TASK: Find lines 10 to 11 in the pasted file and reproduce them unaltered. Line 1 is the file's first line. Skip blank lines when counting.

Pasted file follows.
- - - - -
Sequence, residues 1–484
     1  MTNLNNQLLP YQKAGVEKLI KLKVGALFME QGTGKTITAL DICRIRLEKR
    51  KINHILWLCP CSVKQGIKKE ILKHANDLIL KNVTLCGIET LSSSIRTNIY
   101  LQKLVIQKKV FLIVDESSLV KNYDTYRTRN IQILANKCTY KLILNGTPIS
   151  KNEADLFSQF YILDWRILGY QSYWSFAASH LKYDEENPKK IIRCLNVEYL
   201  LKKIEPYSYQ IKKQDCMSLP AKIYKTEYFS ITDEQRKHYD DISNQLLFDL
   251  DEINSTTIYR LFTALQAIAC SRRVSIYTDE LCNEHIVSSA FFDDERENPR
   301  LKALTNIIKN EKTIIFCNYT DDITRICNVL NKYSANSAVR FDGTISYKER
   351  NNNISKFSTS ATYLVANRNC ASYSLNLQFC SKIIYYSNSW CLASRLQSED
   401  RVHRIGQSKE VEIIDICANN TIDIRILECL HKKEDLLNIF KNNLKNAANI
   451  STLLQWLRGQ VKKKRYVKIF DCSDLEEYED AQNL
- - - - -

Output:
   401  RVHRIGQSKE VEIIDICANN TIDIRILECL HKKEDLLNIF KNNLKNAANI
   451  STLLQWLRGQ VKKKRYVKIF DCSDLEEYED AQNL